It's No Surprise to Us
By Ric Edelman
September 19, 2008
I’ve been saying for years that consumers should make careful, informed decisions when choosing investments and mortgages. Here is a sampling of the advice — and warnings — we’ve issued in the past about money market funds, mortgages and mortgage-backed securities. It’s too bad that some people didn’t get (or heed) the message.
Warnings that Money Market Funds Might “Break the Buck”
|1999||The New Rules About Money – Rule #2 Never Pick the Money Market Fund Offering Higher Rates Than Everyone Else
“So if you invest in a money market fund, be careful about which fund you choose. Investing in the fund that brags it has the highest yield could be a big mistake. You’d be more prudent to choose a money fund that has a slightly lower return, such as one that invests only in U.S. Treasuries. If you handle your money fund that way, buck-breaking will never break your back.”
|October 2003||INSIDE PERSONAL FINANCE NEWSLETTER - Are Money Market Funds Safe? “We are beginning to see signs of change in the money market fund arena…there is a theoretical possibility that money market funds might ‘break the buck.’”
Anticipating the Mortgage Crisis
|1996||The Truth About Money - Chapter 56
“Ignore What the Real Estate Industry Says You Can Afford”
|1999||The New Rules About Money - Rule #22 When Seeking a Mortgage, Use the Old Qualifying Rules.
“Therefore, if you buy a home by pushing this lending limit to its extreme, or by using some of the no- or low-money-down loan programs that are available today (because you have to, not because you choose to), you face very real financial risks.
|October 2003||INSIDE PERSONAL FINANCE NEWSLETTER – Are There Children in Your Future?
“An ARM is never the proper solution to a ‘let’s save money situation…’”
|June 2006||INSIDE PERSONAL FINANCE NEWSLETTER - Your Mortgage Payment is About to Rise. And you probably don’t know it
“Some homeowners will see their monthly payments double or even triple — putting a big squeeze on the finances of millions of American homeowners.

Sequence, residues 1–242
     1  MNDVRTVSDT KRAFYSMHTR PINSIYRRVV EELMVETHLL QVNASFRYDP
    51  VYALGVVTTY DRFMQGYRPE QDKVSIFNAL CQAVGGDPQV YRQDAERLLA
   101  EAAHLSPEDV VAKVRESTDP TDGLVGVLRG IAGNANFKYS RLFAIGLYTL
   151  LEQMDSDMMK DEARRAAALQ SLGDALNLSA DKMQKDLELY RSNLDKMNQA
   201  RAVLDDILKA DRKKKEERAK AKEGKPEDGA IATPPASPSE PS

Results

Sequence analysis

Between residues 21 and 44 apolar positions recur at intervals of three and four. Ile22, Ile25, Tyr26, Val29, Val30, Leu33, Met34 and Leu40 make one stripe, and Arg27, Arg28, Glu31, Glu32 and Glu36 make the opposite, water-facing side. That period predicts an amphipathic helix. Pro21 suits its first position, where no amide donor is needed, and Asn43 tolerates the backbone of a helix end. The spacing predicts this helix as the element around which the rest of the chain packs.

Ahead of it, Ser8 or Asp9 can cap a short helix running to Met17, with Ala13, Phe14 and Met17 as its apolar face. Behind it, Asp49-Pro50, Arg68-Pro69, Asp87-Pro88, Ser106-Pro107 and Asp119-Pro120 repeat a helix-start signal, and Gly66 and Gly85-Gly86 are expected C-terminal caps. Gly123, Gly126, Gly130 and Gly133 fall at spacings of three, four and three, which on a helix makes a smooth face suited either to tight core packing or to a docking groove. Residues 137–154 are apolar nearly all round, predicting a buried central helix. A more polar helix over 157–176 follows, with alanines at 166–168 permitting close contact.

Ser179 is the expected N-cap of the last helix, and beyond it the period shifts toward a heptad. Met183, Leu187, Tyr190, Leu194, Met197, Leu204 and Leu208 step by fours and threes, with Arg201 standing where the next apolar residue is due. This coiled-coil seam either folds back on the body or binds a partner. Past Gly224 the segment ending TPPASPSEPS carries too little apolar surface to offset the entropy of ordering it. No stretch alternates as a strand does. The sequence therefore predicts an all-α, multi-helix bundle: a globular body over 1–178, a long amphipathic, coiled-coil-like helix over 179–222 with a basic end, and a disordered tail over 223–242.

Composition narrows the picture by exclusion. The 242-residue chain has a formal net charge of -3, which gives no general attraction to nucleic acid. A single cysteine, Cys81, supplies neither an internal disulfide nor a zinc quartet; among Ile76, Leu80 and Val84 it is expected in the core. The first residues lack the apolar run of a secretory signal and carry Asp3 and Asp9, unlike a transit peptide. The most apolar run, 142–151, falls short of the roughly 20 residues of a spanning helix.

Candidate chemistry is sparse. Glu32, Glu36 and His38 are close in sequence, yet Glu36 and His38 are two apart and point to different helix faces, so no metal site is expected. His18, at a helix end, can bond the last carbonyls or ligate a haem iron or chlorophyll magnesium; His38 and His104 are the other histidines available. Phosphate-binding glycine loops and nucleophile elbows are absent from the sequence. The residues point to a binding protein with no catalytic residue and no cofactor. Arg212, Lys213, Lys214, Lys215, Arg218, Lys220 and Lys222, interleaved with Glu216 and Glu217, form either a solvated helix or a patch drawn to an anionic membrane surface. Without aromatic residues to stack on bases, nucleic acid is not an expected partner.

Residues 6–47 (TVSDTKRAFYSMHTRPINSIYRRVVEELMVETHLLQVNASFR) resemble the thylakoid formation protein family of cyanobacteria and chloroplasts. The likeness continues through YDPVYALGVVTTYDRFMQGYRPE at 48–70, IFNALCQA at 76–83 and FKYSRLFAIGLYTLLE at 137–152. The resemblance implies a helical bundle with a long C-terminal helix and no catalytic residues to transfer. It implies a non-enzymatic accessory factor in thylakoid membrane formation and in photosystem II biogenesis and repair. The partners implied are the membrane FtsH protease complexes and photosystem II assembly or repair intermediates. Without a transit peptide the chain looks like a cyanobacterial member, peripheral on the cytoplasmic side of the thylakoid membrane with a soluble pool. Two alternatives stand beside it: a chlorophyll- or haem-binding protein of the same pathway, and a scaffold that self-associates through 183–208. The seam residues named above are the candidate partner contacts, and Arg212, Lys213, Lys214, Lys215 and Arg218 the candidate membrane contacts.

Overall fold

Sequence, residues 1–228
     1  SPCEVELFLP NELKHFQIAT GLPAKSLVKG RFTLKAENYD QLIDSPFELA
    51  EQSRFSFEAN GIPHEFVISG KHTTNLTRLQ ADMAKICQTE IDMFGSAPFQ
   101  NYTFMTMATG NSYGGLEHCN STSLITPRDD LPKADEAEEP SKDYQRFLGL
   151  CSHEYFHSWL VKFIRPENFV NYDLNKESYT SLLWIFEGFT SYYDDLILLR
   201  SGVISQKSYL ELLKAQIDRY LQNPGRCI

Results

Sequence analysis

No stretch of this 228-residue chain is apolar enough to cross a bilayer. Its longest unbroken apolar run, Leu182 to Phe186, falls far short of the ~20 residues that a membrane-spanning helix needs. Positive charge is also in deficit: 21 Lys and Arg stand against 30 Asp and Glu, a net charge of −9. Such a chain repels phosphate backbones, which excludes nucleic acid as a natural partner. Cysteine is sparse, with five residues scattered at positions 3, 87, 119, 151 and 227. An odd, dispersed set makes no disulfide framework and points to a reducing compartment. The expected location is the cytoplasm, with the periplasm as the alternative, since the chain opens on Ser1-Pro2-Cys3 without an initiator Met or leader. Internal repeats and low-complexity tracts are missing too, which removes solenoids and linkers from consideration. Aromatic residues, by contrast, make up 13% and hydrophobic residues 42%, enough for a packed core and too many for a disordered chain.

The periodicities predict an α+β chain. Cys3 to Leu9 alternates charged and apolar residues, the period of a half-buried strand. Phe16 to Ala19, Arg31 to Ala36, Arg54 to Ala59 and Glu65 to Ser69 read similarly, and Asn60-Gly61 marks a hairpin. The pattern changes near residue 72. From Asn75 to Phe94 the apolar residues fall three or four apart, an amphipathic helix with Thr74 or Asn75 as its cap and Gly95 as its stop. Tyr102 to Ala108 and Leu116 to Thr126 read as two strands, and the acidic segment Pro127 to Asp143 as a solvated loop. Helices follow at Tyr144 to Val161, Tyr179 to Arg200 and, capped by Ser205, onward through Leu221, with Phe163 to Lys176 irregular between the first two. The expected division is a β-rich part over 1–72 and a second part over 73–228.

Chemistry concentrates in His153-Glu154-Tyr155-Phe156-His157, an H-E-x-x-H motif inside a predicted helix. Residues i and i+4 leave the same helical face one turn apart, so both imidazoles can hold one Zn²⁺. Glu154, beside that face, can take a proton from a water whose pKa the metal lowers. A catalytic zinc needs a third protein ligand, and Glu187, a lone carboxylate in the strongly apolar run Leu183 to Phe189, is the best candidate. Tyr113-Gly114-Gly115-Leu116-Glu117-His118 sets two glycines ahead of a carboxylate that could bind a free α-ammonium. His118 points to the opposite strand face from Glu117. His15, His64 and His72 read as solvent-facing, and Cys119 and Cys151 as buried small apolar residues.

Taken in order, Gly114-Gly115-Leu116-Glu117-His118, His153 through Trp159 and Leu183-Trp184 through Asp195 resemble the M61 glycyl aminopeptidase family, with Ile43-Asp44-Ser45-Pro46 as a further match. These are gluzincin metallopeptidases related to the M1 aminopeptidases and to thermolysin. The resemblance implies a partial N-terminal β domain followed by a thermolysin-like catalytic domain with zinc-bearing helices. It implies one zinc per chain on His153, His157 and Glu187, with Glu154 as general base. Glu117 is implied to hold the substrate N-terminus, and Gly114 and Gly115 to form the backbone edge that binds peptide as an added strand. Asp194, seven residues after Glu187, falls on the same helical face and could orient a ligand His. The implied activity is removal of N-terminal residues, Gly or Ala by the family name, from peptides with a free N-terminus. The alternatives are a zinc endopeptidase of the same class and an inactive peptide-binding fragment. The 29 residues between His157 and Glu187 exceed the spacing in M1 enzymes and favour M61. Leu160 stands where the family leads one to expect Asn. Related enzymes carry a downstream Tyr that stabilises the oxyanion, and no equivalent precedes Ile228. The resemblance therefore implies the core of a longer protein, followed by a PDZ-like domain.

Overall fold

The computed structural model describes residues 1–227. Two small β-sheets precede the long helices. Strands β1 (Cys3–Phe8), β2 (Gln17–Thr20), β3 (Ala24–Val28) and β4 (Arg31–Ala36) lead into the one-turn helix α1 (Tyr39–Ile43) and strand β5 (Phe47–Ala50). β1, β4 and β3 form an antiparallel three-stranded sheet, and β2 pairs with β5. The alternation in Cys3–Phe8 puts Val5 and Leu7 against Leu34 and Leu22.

|August 2006||INSIDE PERSONAL FINANCE NEWSLETTER - Have You Seen Those Ads Touting 1.25% Mortgages? Here’s the fine print.
“But these teaser loans let you pretend that the rate is 1.25%... That’s one heckuva savings, right? Wrong. You see, the $209 that you ‘saved’ actually gets added to your mortgage balance. Thus, after one month, your mortgage balance is now $100,209. Repeat next month. And the month after that. Soon, the party will be over.”
|December 2006||INSIDE PERSONAL FINANCE NEWSLETTER – Is Your House Worth What You Think It Is? Probably not, but don’t blame real estate prices
…homeowners are discovering that their homes aren’t worth what they paid for them because they paid more for the houses than they were worth at the time they bought them…55% of appraisers told October Research Corp. they felt pressure to overstate the value of a property; 10% said they felt pressure in more than half of their transactions. And one third feared they would lose business if they didn’t comply with requests (demands?) to overstate the value.
|2007||The Lies About Money – Chapter 13
In discussing a rate that just seems too low: “The difference between making payments based on a 6.75% rate and a 1.25% rate will be added to the mortgage balance, meaning the client will owe the bank much more in five years than the $600,000 originally borrowed.”